But through its strange structure and horrific violence, Rambo goes even further. It depicts war as something "in our blood," as Rambo himself puts it. There’s no higher thought or political virtue involved, just the mundane, mindless drive to murder people. By portraying John Rambo as a living weapon that, once activated, cannot be deactivated, the film makes good on its thesis statement: "When you're pushed, killing's as easy as breathing." Here, violence rages out of control the moment a point of no return is passed, and it makes you wonder, "Have we all passed the point of no return?"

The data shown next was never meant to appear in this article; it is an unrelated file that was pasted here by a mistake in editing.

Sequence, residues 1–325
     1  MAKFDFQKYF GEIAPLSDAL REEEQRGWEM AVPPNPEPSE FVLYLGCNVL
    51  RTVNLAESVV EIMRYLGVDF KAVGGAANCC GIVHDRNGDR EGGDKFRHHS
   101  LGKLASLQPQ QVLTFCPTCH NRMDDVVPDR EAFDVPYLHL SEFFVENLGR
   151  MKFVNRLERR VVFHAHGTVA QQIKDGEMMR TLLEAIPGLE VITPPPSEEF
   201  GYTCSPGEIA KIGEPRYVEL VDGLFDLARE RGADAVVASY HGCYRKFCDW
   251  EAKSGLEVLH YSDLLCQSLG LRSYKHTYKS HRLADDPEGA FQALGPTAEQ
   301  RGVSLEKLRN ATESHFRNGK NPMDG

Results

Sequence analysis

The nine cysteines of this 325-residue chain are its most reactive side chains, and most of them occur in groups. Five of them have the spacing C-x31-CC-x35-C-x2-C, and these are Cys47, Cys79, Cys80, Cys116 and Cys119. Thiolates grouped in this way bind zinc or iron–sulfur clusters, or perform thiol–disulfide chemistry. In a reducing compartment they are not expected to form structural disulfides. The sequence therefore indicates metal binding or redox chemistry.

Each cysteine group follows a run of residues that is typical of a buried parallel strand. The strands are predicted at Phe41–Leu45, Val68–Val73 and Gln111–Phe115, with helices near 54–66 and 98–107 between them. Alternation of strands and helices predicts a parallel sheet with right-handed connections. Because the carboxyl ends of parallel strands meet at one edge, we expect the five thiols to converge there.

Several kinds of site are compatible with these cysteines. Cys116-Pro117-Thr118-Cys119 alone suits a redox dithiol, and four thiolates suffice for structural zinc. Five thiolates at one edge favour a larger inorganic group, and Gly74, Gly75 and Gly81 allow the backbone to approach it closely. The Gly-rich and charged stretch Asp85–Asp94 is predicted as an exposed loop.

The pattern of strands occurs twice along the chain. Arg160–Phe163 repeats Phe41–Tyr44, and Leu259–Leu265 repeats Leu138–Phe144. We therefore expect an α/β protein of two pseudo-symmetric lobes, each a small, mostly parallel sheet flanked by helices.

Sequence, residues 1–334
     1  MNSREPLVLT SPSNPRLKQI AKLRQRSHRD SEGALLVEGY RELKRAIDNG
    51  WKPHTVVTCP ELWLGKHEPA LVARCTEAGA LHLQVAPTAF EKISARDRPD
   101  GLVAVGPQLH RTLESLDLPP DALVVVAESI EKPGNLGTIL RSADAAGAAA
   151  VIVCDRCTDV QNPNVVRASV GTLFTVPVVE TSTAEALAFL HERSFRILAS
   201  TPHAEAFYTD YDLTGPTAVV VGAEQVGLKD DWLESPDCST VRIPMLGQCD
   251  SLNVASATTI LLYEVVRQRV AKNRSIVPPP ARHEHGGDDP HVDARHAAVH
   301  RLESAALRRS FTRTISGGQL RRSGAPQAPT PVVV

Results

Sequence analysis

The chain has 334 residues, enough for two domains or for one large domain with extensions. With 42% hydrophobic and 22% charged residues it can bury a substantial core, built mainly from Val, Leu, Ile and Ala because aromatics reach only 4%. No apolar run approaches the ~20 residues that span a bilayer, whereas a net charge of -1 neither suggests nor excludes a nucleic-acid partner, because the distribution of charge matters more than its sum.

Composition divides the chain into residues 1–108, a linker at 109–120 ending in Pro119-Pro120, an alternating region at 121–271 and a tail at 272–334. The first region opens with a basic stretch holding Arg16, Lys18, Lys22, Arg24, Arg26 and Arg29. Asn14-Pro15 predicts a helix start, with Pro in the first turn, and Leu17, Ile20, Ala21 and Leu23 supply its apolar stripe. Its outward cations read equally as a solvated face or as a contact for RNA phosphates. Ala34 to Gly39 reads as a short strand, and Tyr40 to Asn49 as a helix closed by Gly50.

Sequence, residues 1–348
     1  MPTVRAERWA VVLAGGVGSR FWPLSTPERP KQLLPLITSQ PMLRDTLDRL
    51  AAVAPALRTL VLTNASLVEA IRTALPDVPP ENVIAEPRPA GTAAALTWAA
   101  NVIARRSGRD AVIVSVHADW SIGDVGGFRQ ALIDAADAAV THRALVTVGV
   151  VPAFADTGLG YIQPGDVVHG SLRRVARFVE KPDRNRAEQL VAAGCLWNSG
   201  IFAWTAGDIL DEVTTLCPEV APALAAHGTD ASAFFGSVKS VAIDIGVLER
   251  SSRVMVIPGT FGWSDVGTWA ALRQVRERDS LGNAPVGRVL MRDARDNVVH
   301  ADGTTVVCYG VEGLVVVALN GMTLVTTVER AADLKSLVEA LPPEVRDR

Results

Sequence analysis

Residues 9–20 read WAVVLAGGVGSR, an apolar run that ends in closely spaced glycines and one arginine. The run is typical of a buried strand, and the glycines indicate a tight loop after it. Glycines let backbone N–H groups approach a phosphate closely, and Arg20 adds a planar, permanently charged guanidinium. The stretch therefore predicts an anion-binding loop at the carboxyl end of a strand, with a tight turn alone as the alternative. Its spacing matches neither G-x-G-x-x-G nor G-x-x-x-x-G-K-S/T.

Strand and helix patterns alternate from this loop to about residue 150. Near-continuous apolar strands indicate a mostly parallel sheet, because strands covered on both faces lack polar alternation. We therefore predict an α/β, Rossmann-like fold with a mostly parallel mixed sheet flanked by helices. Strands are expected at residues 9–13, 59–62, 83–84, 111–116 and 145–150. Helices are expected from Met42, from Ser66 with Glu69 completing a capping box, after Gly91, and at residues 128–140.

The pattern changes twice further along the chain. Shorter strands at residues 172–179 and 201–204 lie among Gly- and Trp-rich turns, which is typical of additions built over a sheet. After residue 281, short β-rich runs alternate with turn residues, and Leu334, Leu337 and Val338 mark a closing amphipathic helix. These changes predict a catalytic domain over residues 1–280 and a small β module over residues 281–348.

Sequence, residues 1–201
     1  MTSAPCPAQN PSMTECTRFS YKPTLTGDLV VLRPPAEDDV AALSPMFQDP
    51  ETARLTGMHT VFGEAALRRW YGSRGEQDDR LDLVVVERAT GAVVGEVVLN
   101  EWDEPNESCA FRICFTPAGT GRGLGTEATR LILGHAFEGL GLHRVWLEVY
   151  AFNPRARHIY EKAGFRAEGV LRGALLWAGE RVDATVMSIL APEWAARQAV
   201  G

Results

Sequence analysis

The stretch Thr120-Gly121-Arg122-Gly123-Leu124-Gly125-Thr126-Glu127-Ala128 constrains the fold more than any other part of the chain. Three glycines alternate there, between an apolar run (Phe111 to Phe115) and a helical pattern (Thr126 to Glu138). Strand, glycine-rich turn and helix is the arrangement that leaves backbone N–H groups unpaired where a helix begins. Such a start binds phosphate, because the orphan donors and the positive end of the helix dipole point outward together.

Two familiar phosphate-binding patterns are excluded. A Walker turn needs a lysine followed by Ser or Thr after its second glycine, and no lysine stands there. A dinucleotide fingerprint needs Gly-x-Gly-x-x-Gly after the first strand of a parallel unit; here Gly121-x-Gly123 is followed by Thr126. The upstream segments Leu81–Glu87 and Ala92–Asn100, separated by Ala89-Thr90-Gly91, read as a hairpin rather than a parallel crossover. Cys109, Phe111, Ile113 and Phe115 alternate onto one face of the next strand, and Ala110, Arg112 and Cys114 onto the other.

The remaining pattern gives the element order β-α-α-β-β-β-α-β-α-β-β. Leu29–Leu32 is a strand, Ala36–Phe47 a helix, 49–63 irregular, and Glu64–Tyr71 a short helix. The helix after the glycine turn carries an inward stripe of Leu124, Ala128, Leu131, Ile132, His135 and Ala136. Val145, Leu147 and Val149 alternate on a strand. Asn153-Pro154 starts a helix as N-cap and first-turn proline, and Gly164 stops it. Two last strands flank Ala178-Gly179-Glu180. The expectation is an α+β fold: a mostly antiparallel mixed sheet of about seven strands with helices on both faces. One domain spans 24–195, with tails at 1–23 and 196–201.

In Rambo, Stallone reexamines one of his signature characters and unearths the monster within. This terrifying angel of death is the same person we cheered for as he refought Vietnam, then rebooted it in Afghanistan; the nightmares of slaughter and madness that drove him to destroy a small town have found an avatar in the man himself. It shows a filmmaker, and a character, grappling with the true nature of violence and war in a way that no similar franchise has ever been willing to do, in a country that has yet to do it. Ten years after the fact, it's lost none of its strange, disturbing power.